Harriet Bunning, James Rapkin, Catharine Ruth Archer, Kim Jensen, John Hunt & Laurence Belcher
It is commonly assumed that because males produce many, tiny sperm, they are cheap to produce. Recent work, however, suggests that sperm production is not cost-free. If sperm are costly to produce, sperm number and/or viability should be influenced by diet, and this has been documented in numerous species. Yet few studies have examined the exact nutrients responsible for mediating these effects. Here, we quantify the effects of protein (P) and carbohydrate (C) intake on...

Data from: Limited plasticity in the phenotypic variance-covariance matrix for male advertisement calls in the black field cricket, Teleogryllus commodus

William R. Pitchers, Robert Brooks, Michael D. Jennions, Tom Tregenza, Ian Dworkin & John Hunt
Phenotypic integration and plasticity are central to our understanding of how complex phenotypic traits evolve. Evolutionary change in complex quantitative traits can be predicted using the multivariate breeders’ equation, but such predictions are only accurate if the matrices involved are stable over evolutionary time. Recent study, however, suggests that these matrices are temporally plastic, spatially variable and themselves evolvable. The data available on phenotypic variance-covariance matrix (P) stability are sparse, and largely focused on morphological...

Data from: Genotype-by-environment interactions for cuticular hydrocarbon expression in Drosophila simulans

Fiona C. Ingleby, David J. Hosken, Kristy Flowers, Michael F. Hawkes, Sarah M. Lane, James Rapkin, Ian Dworkin & John Hunt
Genotype-by-environment interactions (G x Es) describe genetic variation for phenotypic plasticity. Recent interest in the role of these interactions in sexual selection has identified G x Es across a diverse range of species and sexual traits. Additionally, theoretical work predicts that G x Es in sexual traits could help to maintain genetic variation, but could also disrupt the reliability of these traits as signals of mate quality. However, empirical tests of these theoretical predictions are...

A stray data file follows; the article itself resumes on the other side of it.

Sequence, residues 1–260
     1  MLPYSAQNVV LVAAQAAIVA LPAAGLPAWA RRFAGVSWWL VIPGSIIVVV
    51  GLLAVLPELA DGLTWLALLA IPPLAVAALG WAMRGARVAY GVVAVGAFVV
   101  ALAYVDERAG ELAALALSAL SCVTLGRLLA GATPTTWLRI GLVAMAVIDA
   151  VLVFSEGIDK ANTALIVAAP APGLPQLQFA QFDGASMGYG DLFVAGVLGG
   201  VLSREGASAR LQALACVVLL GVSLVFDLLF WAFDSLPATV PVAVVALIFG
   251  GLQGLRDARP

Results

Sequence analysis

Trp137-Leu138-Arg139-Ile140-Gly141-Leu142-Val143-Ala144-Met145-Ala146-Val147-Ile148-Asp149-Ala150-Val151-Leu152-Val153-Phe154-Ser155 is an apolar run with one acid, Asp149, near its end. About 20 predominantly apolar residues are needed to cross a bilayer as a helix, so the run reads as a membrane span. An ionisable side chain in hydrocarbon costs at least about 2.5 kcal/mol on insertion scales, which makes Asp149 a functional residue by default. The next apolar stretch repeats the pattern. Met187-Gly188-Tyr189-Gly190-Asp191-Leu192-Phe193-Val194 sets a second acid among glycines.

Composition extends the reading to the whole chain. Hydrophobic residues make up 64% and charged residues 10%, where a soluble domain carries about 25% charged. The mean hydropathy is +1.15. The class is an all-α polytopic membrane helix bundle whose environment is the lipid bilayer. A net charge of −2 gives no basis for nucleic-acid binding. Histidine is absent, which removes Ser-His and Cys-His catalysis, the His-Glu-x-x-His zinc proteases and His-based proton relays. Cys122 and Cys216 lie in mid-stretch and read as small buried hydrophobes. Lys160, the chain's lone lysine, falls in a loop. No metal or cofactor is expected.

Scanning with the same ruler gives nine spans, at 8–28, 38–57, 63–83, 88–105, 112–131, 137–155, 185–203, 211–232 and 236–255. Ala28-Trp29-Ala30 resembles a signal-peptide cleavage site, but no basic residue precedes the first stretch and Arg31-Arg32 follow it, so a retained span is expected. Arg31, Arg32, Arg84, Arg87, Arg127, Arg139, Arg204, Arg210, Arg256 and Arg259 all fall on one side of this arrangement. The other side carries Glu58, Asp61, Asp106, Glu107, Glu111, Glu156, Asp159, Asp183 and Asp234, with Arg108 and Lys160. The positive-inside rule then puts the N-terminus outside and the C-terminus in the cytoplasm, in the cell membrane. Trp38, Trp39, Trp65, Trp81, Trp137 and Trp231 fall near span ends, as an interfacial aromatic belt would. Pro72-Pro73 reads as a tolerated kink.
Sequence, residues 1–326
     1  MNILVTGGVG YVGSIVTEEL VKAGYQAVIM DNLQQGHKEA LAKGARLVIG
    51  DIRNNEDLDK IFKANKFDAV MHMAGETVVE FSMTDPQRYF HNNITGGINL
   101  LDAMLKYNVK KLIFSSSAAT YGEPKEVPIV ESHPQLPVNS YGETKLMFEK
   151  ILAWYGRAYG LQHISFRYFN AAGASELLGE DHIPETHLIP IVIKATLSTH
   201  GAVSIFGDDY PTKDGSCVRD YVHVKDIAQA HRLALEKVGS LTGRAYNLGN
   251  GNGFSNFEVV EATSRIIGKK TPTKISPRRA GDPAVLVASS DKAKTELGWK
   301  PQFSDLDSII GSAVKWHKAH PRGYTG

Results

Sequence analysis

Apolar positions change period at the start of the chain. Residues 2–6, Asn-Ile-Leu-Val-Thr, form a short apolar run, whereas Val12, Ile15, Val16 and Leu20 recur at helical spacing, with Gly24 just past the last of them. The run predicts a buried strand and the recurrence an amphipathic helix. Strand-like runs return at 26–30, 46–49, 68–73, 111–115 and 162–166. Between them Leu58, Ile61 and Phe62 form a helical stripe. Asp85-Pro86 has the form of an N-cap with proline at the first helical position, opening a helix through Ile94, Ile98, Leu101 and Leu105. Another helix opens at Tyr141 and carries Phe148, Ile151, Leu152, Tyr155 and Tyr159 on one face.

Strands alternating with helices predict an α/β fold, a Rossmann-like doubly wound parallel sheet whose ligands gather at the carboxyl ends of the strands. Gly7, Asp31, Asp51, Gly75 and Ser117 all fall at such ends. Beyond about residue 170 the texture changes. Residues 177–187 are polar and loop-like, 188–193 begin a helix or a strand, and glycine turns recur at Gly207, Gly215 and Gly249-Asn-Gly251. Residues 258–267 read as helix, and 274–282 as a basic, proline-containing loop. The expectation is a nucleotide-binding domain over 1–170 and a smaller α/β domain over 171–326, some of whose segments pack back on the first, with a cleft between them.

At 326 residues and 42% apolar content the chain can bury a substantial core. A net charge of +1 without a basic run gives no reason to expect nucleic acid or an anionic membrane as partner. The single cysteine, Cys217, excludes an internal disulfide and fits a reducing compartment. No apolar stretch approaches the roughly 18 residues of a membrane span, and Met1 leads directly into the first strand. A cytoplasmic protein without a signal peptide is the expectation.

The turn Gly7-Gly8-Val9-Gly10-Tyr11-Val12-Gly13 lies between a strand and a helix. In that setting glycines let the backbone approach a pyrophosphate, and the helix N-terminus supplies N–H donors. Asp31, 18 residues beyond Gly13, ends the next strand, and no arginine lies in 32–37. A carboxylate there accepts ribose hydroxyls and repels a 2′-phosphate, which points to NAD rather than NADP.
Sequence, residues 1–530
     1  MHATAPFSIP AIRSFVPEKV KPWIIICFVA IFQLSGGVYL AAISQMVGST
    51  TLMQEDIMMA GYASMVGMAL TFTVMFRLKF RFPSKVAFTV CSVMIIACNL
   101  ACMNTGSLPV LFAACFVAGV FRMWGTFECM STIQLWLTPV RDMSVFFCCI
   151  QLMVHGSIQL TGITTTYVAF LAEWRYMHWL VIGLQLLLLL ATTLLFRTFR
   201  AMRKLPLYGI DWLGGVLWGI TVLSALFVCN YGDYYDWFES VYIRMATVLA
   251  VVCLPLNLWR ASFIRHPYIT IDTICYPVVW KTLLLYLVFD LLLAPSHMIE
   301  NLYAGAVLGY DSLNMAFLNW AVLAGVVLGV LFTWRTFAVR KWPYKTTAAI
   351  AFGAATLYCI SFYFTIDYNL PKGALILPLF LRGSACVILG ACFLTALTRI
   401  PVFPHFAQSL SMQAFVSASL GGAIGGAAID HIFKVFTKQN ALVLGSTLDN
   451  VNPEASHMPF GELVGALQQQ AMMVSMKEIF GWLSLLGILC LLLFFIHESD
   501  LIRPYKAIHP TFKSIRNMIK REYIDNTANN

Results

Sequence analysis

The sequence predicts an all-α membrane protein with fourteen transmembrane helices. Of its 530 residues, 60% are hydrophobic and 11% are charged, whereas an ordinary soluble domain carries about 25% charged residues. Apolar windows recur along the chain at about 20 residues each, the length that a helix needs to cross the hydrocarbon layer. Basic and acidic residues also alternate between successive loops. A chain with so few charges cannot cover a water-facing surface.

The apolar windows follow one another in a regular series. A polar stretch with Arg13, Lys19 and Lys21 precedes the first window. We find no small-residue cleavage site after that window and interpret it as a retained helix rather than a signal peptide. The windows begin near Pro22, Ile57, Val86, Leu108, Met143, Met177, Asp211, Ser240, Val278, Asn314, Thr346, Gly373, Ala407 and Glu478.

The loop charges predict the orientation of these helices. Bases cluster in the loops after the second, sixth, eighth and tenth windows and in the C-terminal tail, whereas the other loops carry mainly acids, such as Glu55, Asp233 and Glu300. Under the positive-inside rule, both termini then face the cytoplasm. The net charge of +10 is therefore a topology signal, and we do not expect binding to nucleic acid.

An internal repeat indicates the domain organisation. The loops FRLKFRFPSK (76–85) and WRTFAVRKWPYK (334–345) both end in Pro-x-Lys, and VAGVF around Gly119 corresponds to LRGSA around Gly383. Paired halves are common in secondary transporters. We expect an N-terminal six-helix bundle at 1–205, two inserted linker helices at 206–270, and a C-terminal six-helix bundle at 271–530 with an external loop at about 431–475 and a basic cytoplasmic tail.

Data from: Interactive effects of inbreeding and endocrine disruption on reproduction in a model laboratory fish

Lisa K. Bickley, Andrew R. Brown, David J. Hosken, Patrick B. Hamilton, Gareth Le Page, Gregory C. Paull, Stewart F. Owen & Charles R. Tyler
Inbreeding depression is expected to be more severe in stressful environments. However, the extent to which inbreeding affects the vulnerability of populations to environmental stressors, such as chemical exposure, remains unresolved. Here we report on the combined impacts of inbreeding and exposure to an endocrine disrupting chemical (the fungicide, clotrimazole) on zebrafish (Danio rerio). We show that whilst inbreeding can negatively affect reproductive traits, not all traits are affected equally. Inbreeding depression frequently only became...

Data from: Stress hormone receptors change as range expansion progresses in house sparrows

Andrea L. Liebl & Lynn B. Martin
As ranges expand, individuals encounter different environments at the periphery than at the centre of the range. Previously, we have shown that glucocorticoids (GCs) vary with range expansion: individuals at the range edge release more GCs in response to restraint. Here, we measured hippocampal mRNA expression of GC receptors (mineralocorticoid, MR and glucocorticoid, GR) in eight house sparrow (Passer domesticus) populations varying in age. We found that individuals closest to the range edge had the...